Developing a Pants Plugin

This page documents how to develop a Pants plugin, a set of code that defines new Pants functionality. If you develop a new task or target to add to Pants (or to override an existing part of Pants), a plugin gives you a way to register your code with Pants.

Much of Pants' own functionality is organized in plugins; see them in src/python/pants/backend/*.

A plugin registers its functionality with Pants by defining some functions in a register.py file in its top directory. For example, Pants' jvm code registers in src/python/pants/backend/jvm/register.py Pants' backend-loader code assumes your plugin has a register.py file there.

Simple Configuration

If you want to extend Pants without adding any 3rd-party libraries that aren't already referenced by Pants, you can use the following technique using sources stored directly in your repo. All you need to do is name the package where the plugin is defined, and the pythonpath entry to load it from.

In the example below, the stock JvmBinary target will subclassed so that a custom task (not shown) can consume it specifically but disregard regular JvmBinary instances (using isinstance()).

  • Define a home for your plugins. In this example we'll use a top-level plugins/ directory but this is not special.

  • Create an empty plugins/hadoop/targets/__init__.py to define a python package structure for your custom hadoop target type plugin. Also create empty __init__.py files in each directory up to but not including the root directory of your python package layout; in this case, just plugins/hadoop/__init__.py.

  • Create a python module for your custom target type in plugins/hadoop/targets/hadoop_binary.py:

    # plugins/hadoop/targets/hadoop_binary.py
    from pants.backend.jvm.targets.jvm_binary import JvmBinary
    
    class HadoopBinary(JvmBinary):
      pass
    
  • Create plugins/hadoop/register.py to register the elements exposed by your plugin to BUILD file authors:

    # plugins/hadoop/register.py
    
    from pants.build_graph.build_file_aliases import BuildFileAliases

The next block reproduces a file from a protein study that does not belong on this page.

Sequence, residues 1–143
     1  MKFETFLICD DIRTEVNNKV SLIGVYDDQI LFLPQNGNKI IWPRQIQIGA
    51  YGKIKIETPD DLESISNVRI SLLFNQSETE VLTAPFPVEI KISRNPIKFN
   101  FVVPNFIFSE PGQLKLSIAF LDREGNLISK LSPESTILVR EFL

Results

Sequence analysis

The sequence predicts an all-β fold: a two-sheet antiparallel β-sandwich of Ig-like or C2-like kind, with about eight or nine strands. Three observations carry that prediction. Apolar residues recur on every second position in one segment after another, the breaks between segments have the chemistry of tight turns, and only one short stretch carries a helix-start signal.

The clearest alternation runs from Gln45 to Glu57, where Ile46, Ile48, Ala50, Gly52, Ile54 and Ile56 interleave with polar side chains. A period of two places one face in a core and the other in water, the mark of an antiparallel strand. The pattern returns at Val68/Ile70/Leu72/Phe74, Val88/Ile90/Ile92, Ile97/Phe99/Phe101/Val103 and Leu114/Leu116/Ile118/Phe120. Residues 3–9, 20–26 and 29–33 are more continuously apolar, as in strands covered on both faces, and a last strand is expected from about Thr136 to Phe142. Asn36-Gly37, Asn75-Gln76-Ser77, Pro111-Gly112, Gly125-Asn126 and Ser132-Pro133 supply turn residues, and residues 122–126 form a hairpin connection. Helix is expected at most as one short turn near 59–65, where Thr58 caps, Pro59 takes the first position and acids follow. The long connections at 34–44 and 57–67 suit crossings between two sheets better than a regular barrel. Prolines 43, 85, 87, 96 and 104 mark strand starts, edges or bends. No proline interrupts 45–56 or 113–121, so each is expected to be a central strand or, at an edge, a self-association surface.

from hadoop.targets.hadoop_binary import HadoopBinary
    
    def build_file_aliases():
      return BuildFileAliases(
        targets={
          # NB: This allows a HadoopBinary target to be created in a BUILD file using the
          # hadoop_binary alias.
          'hadoop_binary': HadoopBinary,
        },
      )
    
  • In pants.ini, add your new plugin package to the list of backends to load when pants starts. This instructs pants to load a module named hadoop.register.

    [GLOBAL]
    pythonpath: [
        '%(buildroot)s/plugins',
      ]
    backend_packages: [
        'hadoop',
      ]
    

Note that you can also set the PYTHONPATH in your ./pants wrapper script, instead of in pants.ini, if you have other reasons to do so. Either way, pants will look for a register.py file for each backend package you list by prefixing that package with the python path; ie roughly pythonpath + backend package + register.py is tried for each pythonpath prefix until a register.py is found, in this example plugins/hadoop/register.py.

Examples from twitter/commons

For an example of a code repo with plugins to add features to Pants when building in that repo, take a look at twitter/commons, especially its pants-plugins directory.

The repo's pants.ini file has a backend_packages entry listing the plugin packages (packages with register.py files):

[GLOBAL]
pythonpath: [
    "%(buildroot)s/pants-plugins/src/python",
  ]
backend_packages: [
    'twitter.common.pants.jvm.extras',
    'twitter.common.pants.python.commons',
    'pants.contrib.python.checks',
  ]

The ...jvm/extras/register.py file registers a checkstyle goal. To find the code for this task, come back to the pantsbuild/pants repo: Pants defines the Checkstyle task class but doesn't register it. But other Pants workspaces can register it, as twitter/commons illustrates.

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